inspiring respectful language in order to paint a picture of military families experiencing
domestic violence and the obstacles they face. She recalls two experiences she
witnessed earlier in her career as a new practitioner. Susan had been working at a
domestic violence resource center.
The center’s mission was to advocate for people who had experienced domestic
violence and connect them to appropriate services. One day, a woman entered the
center, and a colleague who responded to the woman in this way. Victims like you
normally prefer to complete a safety plan and file a restraining order.
If I were a victim, I would want to make sure that the batterer stays as far away from me
as possible. In response, the woman asked, but what about my children? The colleague
said, now, your children do need both parents, but battered spouses have to put their
children first.
After looking over the woman’s paperwork, the colleague continued. It seems that you
have been beaten before. That can really break a person down. Why didn’t you leave
earlier? The colleague sighed. Well, you are here now, so let’s see what we can do to
help.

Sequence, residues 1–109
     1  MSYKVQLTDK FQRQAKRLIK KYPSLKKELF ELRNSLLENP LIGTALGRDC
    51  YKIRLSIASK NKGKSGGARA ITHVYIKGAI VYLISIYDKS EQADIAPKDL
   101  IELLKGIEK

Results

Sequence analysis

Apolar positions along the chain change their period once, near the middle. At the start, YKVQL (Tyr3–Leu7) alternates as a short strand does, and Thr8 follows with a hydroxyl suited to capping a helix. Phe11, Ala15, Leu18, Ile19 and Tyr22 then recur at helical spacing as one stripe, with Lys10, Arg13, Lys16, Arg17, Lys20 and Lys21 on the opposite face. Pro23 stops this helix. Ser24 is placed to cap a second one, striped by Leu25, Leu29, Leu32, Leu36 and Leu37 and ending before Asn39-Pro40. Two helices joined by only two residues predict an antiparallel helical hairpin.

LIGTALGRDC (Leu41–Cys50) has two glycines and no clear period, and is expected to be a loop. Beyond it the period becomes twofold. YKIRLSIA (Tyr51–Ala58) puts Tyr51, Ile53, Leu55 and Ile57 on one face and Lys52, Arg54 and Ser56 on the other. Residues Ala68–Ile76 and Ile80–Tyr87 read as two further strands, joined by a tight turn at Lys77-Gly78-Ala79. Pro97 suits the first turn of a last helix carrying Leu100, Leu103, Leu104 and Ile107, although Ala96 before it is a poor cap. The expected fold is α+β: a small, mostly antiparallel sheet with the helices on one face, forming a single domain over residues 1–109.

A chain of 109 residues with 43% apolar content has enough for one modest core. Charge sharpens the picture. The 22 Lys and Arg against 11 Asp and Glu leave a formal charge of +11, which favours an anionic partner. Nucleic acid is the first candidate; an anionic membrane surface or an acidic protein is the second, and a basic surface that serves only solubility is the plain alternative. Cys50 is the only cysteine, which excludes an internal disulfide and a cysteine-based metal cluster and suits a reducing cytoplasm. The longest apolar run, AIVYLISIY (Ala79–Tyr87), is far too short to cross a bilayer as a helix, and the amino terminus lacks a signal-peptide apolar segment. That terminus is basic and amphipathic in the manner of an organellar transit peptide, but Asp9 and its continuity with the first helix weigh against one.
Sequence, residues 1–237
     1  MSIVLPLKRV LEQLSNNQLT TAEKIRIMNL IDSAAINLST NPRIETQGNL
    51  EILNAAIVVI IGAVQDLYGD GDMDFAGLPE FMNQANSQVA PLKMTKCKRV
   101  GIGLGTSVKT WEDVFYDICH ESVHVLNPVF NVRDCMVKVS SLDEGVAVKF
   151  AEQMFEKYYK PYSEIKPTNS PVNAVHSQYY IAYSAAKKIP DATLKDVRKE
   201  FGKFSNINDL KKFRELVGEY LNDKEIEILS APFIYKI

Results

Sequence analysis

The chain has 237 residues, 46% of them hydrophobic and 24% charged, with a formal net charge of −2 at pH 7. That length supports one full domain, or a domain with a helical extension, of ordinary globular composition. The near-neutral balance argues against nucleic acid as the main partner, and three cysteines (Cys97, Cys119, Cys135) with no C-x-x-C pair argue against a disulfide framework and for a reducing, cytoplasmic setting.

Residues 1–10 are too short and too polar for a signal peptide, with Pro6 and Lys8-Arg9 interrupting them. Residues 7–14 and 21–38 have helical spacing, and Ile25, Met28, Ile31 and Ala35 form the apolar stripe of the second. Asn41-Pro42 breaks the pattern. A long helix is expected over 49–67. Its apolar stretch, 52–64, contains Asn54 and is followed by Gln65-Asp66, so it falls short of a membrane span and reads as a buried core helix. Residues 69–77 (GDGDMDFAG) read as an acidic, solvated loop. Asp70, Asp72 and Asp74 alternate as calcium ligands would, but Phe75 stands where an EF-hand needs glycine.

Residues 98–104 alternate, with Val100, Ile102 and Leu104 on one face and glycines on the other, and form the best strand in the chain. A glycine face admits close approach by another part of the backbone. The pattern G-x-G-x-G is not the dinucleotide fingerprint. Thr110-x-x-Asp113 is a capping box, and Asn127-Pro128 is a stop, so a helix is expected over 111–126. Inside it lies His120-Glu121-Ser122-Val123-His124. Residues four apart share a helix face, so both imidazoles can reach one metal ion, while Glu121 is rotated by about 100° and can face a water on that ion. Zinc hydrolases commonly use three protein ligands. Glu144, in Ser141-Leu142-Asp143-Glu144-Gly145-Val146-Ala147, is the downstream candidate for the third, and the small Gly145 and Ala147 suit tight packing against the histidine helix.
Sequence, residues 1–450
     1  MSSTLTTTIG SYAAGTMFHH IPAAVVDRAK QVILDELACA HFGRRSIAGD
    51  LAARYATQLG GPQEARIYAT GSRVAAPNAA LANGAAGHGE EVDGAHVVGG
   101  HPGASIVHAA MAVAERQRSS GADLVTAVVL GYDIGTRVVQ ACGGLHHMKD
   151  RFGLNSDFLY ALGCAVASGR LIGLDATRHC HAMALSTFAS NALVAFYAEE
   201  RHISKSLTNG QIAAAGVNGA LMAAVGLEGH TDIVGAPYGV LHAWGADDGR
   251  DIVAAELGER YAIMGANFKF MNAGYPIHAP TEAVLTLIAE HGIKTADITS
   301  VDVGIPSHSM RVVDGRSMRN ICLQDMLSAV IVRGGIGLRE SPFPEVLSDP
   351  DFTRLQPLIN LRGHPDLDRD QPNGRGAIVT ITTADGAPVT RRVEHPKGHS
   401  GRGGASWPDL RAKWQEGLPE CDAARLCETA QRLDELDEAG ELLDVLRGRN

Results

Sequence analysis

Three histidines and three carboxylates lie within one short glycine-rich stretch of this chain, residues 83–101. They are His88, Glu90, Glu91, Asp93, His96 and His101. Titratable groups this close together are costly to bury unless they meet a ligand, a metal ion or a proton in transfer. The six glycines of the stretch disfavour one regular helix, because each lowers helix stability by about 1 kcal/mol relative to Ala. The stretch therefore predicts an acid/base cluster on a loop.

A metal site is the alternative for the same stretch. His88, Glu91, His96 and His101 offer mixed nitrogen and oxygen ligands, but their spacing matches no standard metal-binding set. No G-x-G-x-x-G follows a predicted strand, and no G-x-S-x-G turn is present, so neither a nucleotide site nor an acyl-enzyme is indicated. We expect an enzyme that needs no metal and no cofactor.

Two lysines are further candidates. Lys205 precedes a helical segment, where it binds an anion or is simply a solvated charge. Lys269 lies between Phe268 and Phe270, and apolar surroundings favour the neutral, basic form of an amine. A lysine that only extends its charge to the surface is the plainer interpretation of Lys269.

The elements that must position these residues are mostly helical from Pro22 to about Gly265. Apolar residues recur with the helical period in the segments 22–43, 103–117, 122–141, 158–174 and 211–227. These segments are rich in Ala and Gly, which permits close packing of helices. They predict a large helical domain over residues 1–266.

The woman seemed to grow more withdrawn as the conversation continued. The
woman never returned to the center after this exchange. Only later did Susan realize
? 2021 Walden University, LLC
1
The Language of Advocacy
why. On another occasion, Susan’s colleague wrote an advocacy email to a human
services organization on behalf of a man who had experienced domestic violence. The
email read, “I am writing to you on behalf of Jason Hermosa, a victim of domestic
violence in his same sex relationship.
I know that you provide financial resources and support to battered wives and am
hoping this extends to homosexual couples. Jason is disabled and destitute, therefore
he is extremely reluctant to leave the financial comforts of his relationship, despite being
beaten and emotionally terrorized. Any assistance you can provide for this case would
be appreciated. Thank you for your time.”
A THOUGHT BUBBLE APPEARS WITH A QUOTE FROM SUSAN: ?What can I learn
about bias-free and culturally appropriate language from these examples??
[MUSIC PLAYING]
? 2021 Walden University, LLC
2